Neyland looked at the young stranger and asked, “Where did you play high school football?”

“I didn’t play football in high school,” candidly responded Howard.

An impatient Coach Neyland then said, “Well, we have a few walk-ons every year, but if you’ve never even played a down of high school football, what makes you think you would walk on for the Vols?”

Howard then honestly responded, “Coach, I have $50 to last me for the rest of the quarter. I found a room where I can sleep by doing chores for the landlady. But she doesn’t have a boarding house table, and I need to get my three squares a day. I understand the football team has a training table, and if I play for the Vols, I will work for my three meals every day!”

Coach Neyland was impressed. He looked at Howard and asked, “Do you wrestle?”

An enthusiastic Howard replied, “Yes, sir! I’m a great wrestler!”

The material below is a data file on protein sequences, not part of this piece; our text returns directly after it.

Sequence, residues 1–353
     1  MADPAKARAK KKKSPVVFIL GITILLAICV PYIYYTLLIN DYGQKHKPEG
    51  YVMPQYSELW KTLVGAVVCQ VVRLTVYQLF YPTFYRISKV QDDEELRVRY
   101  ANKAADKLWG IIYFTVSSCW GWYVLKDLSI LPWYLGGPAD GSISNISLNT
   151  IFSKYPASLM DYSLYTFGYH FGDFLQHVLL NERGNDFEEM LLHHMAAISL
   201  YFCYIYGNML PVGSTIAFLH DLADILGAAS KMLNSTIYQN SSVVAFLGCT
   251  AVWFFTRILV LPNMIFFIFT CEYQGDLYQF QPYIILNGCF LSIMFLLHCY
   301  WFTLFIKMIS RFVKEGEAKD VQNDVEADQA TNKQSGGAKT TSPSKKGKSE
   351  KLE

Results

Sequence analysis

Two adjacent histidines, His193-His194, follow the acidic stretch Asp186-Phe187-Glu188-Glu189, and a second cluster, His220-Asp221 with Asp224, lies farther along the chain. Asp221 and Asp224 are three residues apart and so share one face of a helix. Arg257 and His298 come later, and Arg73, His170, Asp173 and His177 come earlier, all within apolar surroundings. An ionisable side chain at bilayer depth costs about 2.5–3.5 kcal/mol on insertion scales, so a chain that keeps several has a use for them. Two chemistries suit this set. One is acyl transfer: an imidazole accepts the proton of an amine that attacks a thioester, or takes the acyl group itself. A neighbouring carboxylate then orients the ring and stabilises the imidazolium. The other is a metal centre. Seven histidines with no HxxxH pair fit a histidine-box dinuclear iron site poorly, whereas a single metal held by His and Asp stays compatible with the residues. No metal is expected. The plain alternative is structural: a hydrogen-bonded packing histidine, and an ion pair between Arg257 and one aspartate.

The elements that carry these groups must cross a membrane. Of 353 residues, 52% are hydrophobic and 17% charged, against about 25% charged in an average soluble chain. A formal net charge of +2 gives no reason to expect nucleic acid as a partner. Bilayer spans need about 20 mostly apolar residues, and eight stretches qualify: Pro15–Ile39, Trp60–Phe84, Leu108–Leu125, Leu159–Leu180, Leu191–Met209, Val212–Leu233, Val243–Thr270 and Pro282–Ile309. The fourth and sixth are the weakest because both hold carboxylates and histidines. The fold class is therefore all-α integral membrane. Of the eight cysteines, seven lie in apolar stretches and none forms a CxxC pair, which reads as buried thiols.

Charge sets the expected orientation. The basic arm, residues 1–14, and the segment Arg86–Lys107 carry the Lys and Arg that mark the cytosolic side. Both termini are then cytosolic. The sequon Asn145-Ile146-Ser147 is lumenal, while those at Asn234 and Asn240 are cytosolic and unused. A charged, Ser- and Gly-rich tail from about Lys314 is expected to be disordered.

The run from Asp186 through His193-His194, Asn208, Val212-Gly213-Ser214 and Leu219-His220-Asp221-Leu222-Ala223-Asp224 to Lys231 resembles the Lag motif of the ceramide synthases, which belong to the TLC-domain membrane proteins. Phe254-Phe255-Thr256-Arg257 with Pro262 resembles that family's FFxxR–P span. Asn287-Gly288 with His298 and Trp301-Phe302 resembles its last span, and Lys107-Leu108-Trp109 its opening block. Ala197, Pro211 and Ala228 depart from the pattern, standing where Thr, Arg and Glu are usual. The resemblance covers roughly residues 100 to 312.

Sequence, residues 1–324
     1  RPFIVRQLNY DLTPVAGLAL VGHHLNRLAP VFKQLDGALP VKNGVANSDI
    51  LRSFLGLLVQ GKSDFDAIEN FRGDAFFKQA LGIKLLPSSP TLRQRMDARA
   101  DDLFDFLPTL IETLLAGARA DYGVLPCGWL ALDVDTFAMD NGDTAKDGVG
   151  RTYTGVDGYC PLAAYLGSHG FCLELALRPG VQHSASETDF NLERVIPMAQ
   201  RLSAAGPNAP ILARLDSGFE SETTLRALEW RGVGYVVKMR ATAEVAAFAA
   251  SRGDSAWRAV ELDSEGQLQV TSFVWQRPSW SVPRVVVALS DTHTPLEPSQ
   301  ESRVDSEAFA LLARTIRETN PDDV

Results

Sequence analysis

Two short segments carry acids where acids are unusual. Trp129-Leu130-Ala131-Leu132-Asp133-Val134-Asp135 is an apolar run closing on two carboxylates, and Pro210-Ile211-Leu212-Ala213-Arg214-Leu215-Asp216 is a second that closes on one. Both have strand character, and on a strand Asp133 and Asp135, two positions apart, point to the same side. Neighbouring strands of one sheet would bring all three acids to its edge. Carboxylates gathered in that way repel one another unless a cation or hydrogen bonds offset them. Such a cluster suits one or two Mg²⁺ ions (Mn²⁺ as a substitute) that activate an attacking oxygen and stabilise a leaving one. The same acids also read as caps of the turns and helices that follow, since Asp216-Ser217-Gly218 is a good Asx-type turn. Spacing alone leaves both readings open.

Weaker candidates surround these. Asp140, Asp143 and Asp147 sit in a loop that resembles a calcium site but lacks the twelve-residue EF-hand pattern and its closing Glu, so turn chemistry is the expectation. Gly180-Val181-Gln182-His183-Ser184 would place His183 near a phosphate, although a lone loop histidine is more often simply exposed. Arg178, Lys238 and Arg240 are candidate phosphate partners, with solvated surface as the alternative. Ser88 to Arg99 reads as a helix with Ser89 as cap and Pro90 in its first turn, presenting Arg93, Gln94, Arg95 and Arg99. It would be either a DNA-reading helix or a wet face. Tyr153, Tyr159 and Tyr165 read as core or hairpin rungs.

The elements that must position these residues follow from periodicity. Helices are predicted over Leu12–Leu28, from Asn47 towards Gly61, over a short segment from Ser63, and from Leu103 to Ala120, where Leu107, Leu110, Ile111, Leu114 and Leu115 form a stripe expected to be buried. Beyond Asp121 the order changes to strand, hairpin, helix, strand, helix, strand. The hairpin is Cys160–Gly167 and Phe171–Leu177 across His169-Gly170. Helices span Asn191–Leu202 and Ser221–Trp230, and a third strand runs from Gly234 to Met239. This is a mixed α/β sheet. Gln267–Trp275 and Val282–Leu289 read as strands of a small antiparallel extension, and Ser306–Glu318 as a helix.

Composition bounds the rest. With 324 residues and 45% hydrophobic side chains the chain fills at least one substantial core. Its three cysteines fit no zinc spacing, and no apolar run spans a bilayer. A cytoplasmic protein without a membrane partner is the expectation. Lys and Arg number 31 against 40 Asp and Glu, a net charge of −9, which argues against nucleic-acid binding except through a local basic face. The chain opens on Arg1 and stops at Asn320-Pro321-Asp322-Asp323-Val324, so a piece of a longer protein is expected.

Howard did not volunteer, so to speak, that while he had spent most of his life wrestling, he had never done it for a formal team.

Coach Neyland then took a pen and notepad out of his pocket and quickly scribbled a note, folded it, and handed it to Howard. “Take this note down to Coach Smith at the end of the hallway,” ordered Coach Neyland.

“Yes, sir!” barked Howard, thinking the note was to an assistant football coach.

When Howard got to the office of the coach at the end of the hallway, he noticed a sign on the office door that read “Wrestling.”

The coach looked up from his desk and asked, “Can I help you?”

“Yes, sir,” said Howard. “Coach Neyland asked me to give this note to you!”

The wrestling coach read the note, and after a brief pause, said, “Well, son, welcome to the wrestling team! Our first practice is this afternoon in the gym.”

“Do you have a training table?” asked a hungry Howard.

“Yes we do,” said the wrestling coach.

That afternoon, Howard went to wrestling practice, and that night he ate at the training table with his new best friends, his fellow UT wrestlers.

Howard then wrestled his way through UT for the next four years.

After graduation, he entered the United States Navy, became a Navy pilot, and flew combat missions off the deck of the aircraft carrier the USS South Dakota during WWII. After he and his fellow members of the Greatest Generation saved civilization, he returned home to the University of Tennessee where he entered law school on the GI bill.

And there he met a beautiful law student from Greenville named Claude.